Small Group Jazz Performances: Part I

Small Group Jazz Performances: Part I

This entry begins a series on small group performances in jazz history which are milestones for fans, and musicians. Many styles will be represented along with brief descriptions and personnel.

Jazz At the Philharmonic: How High The Moon (Clef/Norgran, 1947) Buck Clayton: trumpet, Flip Phillips, Coleman Hawkins :tenor saxophone, Willie Smith: alto saxophone, Trummy Young: trombone, Kenny Kersey: piano, Benny Fonville: bass, Buddy Rich: drums. Recorded Live March 5, 1947 at Syria Mosque, Pittsburgh, Pennsylvania.

Jazz at the Philharmonic, the brainchild of impresario Norman Granz is significant musically and culturally for several reasons. Musically, it brought together musicians from the traditional, swing and bebop eras to find common ground on blues and standard compositions; while also affording the opportunity for swing musicians interested in the language of bebop to dip their toes in those waters. Socially, it broke down the walls of segregation with black and white musicians together on the same stage, where Granz insisted each musician receive equal treatment. As you’ll hear, traditional jazz and swing era trombonist Trummy Young inserts a brief quote of Charlie Parker’s “Ornithology”, a contra fact based on the chord changes to “How High the Moon” in his solo. Contra facts, or compositions with new melodies written over existing chord changes, continue to be a popular practice today. This tune represents everything Jazz at the Philharmonic was about: presenting jazz in a concert hall setting, spirited improvisations working the crowd into a frenzy, and star musicians from various eras in the history of jazz. Norman Granz would revisit this concept on his Pablo label in the 1970’s with a roster featuring many artists he recorded on Verve, yielding a series of some very memorable jam session recordings made at the Montreux Jazz Festival in Switzerland, in 1975, and 1977.

Charlie Parker: Confirmation (Mercury, 1953) Charlie Parker: alto saxophone, Al Haig: piano, Percy Heath: bass, Max Roach: drums. Recorded July 30, 1953 Fulton Recording Studios, New York, NY.


Bird’s classic watershed tune. A quality that sets this apart from his classic Savoy and Dial recordings, is the use of magnetic tape (introduced around 1950). You can hear Bird’s invention and his interactions with the band clearer than ever, Parker’s alto almost sounds like a tenor at points here with a much darker hue, and he plays some magnificent ideas.

Dizzy Gillespie/ Charlie Parker Hot House (Guild, 1945): Dizzy Gillespie: trumpet, Charlie Parker: alto saxophone, Al Haig: piano, Curly Russell: bass, “Big” Sid Catlett: drums. Recorded May 11, 1945, unknown studio, New York, NY.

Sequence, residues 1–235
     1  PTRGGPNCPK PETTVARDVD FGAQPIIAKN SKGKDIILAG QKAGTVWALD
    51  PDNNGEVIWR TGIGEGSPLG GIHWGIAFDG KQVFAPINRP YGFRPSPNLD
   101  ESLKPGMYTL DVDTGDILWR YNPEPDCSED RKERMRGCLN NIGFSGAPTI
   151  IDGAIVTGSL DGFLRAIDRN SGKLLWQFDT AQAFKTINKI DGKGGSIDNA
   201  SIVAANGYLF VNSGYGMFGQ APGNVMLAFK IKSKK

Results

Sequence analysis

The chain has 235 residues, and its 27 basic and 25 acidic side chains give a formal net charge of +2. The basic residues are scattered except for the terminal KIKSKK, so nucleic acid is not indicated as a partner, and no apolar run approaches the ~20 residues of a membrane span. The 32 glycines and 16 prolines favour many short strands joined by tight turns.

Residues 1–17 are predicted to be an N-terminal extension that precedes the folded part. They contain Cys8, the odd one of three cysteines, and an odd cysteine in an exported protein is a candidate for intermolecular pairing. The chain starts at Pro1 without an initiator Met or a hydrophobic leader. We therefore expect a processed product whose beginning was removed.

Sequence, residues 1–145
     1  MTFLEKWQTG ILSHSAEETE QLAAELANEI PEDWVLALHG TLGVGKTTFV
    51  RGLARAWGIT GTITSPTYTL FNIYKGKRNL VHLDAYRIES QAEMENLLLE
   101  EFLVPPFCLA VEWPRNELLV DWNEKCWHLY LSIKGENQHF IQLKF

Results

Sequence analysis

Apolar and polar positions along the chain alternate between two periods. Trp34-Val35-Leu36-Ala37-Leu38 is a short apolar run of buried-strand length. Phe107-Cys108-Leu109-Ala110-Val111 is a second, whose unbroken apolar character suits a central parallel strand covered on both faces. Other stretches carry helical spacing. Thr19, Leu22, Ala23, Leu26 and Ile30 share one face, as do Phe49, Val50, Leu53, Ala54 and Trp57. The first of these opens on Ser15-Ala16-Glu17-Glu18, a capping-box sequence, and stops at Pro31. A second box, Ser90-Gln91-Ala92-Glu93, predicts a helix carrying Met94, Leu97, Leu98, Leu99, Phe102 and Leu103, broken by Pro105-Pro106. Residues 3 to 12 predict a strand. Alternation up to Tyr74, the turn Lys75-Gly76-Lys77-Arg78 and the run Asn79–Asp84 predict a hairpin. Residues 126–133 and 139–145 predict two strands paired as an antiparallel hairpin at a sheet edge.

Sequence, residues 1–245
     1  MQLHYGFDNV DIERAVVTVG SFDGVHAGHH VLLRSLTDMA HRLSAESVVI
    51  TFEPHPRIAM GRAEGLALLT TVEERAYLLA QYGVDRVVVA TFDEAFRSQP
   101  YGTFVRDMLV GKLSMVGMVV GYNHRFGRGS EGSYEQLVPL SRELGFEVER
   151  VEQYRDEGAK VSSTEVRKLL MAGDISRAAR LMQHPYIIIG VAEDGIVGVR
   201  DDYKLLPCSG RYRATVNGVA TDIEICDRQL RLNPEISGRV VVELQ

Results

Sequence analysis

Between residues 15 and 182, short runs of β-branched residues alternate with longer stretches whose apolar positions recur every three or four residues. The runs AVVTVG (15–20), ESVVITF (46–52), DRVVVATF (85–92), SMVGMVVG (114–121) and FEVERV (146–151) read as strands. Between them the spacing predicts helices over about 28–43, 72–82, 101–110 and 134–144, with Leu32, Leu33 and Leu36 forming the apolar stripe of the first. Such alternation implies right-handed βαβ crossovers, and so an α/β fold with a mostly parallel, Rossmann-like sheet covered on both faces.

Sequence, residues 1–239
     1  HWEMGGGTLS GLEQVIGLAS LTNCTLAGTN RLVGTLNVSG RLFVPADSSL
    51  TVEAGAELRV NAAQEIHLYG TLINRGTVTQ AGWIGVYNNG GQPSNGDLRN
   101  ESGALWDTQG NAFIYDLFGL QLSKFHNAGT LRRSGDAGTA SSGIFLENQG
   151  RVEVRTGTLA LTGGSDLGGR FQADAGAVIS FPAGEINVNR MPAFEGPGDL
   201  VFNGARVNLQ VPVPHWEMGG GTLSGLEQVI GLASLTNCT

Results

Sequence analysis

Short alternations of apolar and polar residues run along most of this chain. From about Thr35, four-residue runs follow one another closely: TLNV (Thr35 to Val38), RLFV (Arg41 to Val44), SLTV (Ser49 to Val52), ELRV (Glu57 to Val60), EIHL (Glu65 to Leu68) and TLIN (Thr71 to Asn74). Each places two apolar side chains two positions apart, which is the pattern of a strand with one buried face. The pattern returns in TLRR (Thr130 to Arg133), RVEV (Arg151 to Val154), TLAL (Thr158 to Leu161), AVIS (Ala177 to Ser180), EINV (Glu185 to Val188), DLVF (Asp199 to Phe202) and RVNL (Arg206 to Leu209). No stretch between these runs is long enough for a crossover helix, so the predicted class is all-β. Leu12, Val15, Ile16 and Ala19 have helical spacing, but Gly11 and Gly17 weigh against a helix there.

Another bop lamdmark, Parker and Gillespie are in amazing form. Dizzy’s range and groundbreaking ideas in his solo demonstrate why he is the most important trumpeter after Louis Armstrong. Sid Catlett along with Kenny Clarke and Max Roach on drums was an early bebop pioneer– he adapted his traditional and swing stylistic base to include the new time keeping innovations: a constant ride pulse, high hat on 2 and 4, with snare, tom, and kick drum improvisation interacting with the soloist.

Thelonious Monk: Straight No Chaser (Columbia, 1963) Thelonious Monk: piano, Charlie Rouse: tenor saxophone, Butch Warren: bass, Frankie Dunlop: drums. Recorded Live, July 21st, 1963 in Tokyo, Japan.


Monk’s typically idiosyncratic blues line in full bloom. He had signed to Columbia in 1962, and this period, after Monk’s breakthrough work on Blue Note, Riverside and Prestige is unfairly criticized by some in jazz circles for it’s recycling of favorite Monk tunes. The beauty of the Columbia recordings is the attention to subtle details and devices the pianist uses to flesh out his most loved compositions. Note his comping behind Rouse, many of Thelonious’ favorite devices pop up behind the saxophonist, but the assymetry and odd syncopations, bring something fresh to the table. Frankie Dunlop’s drum solo is a masterclass in developing a melodic solo without wasting anything– a quality which drummer Antonio Sanchez often mentions; the importance of building motifs in solos, and Dunlop’s choruses are exactly that.

Dave Brubeck Quartet: Take Five (Columbia, 1959) Dave Brubeck: piano, Paul Desmond: alto saxophone, Eugene Wright: bass, Joe Morello: drums. Recorded July 1, 1959 at Columbia 30th Street Studio, New York, NY.

The piece that demystified unusual time signatures for the general public. The Brubeck Quartet’s Time Out (first in a series of 5 unusual time themed recordings) was a pivotal album that made odd time and unusual forms accessible. Max Roach’s Jazz in 3/4 Time (Emarcy, 1957) was the first album to investigate something other than 4/4 for an entire album, but Brubeck’s album had a massive impact. Joe Morello’s drum solo is one of the greatest ever recorded, and the acoustics of the 30th Street Studio, a converted Greek Orthodox church make for a memorable recording that has been coveted by audiophiles for several generations. Brubeck’s use of traditional classical forms such as the rondo, included on “Blue Rondo Ala Turk”, (the 9/8 head contrasting with it’s funky, swinging 4/4 for solos) breaking ground for further investigation of extended forms beyond the traditional 12 bar blues and 32 bar AABA structures so popular in jazz at that time.